Moving to a new country can be an enriching experience. However, any change causes an impact on the person, creating feelings of discomfort, tension and stress. Being in a place that is unknown, where we cannot predict or guess what will happen, forces us out of our comfort zone, which can be scary.

After all, we abandon what is familiar to us and we come across a culture where the language, the way of being, the interaction between people and even the sense of humor is different from what we are accustomed to. In addition, it is necessary to adapt to a new diet and climate, which in itself can change our mood.

In these situations, when we get out of our comfort zone, the brain tends to work in a specific way: first, it keeps our attention focused on this potentially threatening or dangerous situation (dangerous because we do not know what will happen, so we feel we have no control over it), as if it were a warning sign. Second, it evaluates the situation as more negative and frightening than it actually is, for prevention is better than cure. Thus, the brain identifies all possible scenarios, especially those that are most inconvenient for us, so that we find early solutions for them.

Our brain does this automatically so that it can protect us. This way of looking at the world around us by focusing on what is negative and what can be dangerous motivates us to adopt more careful behaviors and prevent disadvantageous situations for us. It seems easy to see the advantages of this way of being and seeing the world if we realize that this way of processing the information around us is what prevents us from standing in the middle of a road with traffic or getting too close to a cliff.

However, sometimes this constant negative thinking only brings us unnecessary fears, causing us to act too cautiously, avoiding taking any “risk.”

Normally, when we are out of our environment, away from what we know and are familiar with, these negative and threatening thoughts arise more frequently. It is normal to feel threatened or a little nervous about all the changes, which can, consequently, lead us to gradually isolate ourselves more and more from this new country, culture and people.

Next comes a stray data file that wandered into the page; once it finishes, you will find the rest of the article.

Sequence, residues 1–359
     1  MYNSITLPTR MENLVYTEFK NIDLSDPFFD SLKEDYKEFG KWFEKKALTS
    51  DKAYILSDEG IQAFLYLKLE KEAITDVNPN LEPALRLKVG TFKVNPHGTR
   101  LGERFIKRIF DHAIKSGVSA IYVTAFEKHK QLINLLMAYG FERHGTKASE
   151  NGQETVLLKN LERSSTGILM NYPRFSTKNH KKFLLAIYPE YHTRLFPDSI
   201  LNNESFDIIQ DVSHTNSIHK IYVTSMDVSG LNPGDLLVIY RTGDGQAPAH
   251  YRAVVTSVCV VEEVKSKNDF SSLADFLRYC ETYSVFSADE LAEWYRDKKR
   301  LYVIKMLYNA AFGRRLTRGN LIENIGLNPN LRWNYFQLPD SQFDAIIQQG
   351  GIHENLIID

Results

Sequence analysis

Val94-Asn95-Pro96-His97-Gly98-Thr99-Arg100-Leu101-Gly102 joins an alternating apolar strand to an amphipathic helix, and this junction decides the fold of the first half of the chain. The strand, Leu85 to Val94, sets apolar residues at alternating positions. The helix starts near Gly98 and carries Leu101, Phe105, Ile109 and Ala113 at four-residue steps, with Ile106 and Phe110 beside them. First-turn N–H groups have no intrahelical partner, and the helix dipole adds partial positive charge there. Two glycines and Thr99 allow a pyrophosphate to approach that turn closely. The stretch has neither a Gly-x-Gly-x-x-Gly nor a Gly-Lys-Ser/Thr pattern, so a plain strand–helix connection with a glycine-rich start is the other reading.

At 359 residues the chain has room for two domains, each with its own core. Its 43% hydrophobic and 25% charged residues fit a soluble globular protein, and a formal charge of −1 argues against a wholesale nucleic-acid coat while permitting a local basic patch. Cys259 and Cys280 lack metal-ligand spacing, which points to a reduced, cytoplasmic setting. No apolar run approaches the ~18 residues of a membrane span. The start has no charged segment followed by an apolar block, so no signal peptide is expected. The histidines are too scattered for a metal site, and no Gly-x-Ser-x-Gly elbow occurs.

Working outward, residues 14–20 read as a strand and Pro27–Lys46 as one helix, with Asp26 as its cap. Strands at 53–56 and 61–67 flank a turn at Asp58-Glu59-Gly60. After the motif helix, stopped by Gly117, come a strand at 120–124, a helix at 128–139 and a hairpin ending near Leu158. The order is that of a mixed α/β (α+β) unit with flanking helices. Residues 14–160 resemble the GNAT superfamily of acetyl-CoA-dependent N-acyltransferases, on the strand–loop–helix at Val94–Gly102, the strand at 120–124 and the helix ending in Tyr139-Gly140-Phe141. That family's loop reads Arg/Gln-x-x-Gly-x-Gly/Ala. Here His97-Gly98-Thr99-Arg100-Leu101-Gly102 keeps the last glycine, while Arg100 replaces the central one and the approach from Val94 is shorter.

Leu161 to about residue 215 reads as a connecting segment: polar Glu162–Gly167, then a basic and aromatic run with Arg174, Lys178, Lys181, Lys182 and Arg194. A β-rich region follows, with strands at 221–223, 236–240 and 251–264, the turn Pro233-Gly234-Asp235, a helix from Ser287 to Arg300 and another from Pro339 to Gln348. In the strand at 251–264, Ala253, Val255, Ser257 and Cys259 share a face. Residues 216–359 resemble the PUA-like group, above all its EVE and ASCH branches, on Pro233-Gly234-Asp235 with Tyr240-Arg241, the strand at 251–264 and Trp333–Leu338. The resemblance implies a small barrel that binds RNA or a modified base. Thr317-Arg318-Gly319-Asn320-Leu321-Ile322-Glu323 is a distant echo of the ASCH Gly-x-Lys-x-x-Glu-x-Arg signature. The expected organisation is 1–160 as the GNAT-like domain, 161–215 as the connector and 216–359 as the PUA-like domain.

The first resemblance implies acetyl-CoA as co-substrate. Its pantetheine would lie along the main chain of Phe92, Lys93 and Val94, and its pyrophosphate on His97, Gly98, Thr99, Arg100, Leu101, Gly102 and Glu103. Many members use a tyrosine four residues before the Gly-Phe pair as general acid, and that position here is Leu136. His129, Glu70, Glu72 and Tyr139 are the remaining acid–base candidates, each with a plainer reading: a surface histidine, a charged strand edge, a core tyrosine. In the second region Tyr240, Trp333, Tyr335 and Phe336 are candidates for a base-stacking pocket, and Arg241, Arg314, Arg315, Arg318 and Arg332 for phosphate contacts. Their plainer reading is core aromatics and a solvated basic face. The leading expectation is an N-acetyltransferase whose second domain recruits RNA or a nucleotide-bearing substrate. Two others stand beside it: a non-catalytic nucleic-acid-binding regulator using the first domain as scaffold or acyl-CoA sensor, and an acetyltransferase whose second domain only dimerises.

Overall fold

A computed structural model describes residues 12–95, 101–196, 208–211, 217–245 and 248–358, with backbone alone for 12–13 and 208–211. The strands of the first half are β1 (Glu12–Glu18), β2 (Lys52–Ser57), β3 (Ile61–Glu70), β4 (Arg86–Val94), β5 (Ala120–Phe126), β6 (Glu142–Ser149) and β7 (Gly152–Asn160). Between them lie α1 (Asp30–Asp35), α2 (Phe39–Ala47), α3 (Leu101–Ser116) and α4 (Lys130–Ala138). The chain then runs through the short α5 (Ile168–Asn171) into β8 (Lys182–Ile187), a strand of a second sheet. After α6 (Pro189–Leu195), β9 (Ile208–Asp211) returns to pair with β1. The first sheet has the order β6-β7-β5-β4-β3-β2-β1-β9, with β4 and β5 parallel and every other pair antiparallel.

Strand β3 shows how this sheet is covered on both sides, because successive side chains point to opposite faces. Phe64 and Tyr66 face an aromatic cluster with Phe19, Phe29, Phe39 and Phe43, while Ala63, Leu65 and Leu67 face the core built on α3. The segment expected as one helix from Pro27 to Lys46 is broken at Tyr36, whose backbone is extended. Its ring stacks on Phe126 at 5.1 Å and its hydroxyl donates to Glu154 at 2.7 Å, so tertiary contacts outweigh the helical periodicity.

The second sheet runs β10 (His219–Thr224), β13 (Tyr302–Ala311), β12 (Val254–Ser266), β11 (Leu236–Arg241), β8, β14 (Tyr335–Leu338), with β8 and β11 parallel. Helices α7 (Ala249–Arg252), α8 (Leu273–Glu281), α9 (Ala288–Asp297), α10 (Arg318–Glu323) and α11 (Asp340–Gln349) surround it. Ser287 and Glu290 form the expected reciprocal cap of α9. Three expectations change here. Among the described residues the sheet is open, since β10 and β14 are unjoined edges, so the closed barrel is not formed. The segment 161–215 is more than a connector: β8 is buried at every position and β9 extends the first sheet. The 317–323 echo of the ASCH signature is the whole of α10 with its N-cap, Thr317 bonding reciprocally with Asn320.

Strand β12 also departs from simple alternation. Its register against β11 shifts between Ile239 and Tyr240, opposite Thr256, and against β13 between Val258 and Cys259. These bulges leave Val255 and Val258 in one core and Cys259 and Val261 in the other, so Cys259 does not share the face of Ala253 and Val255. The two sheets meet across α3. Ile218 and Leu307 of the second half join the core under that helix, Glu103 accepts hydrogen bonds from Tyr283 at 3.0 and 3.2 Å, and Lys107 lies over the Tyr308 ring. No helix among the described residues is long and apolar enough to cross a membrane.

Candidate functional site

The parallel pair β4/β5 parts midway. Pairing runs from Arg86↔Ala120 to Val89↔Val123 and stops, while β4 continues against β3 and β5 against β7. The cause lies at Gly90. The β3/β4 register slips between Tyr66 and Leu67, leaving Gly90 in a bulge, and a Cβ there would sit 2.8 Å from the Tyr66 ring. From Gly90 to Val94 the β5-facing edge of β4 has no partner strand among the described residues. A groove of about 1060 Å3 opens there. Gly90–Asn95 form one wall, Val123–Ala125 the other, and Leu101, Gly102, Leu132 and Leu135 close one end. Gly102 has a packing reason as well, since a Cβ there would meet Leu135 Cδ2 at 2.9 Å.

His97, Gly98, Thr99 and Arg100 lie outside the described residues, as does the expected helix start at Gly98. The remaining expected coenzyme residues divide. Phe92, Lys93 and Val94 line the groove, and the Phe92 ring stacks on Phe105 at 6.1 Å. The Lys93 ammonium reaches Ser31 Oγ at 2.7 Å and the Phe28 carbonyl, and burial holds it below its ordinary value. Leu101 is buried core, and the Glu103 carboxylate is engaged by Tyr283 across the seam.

In addition, our brain also makes us idealize our previous life, the city, the space, and the people we already knew. We will recognize that, in our own previous country, we were happy. However, this may just be a romanticized view of our memories, which often does not correspond to the reality of what actually happened. In fact, the brain is an eternal dissatisfied – always focused on what is wrong in the present and what could be so much better.

So how can we deal with this brain that strives so hard to protect us? First of all, it is important to be aware that this is the normal way our brain works when we face change. In this way, we can perceive when we are entering this mode of self-defense and act in order to deactivate it.

For this, anything that allows us to gain a greater perspective of the problem can help us. For example, we can write or talk to someone close to us about what we feel, and in this way we are taking these fears from within us and putting them ahead of us, creating a distance between us and the problems and making them smaller. We can practice exercise, maintain a balanced diet and get enough sleep, which will improve our mood.

In addition, it is essential to allow ourselves to slowly know the country we are in. We can learn about the culture, the places, the people, the language … only then can we create our roots, transforming this new place into our place.

Moving to a new country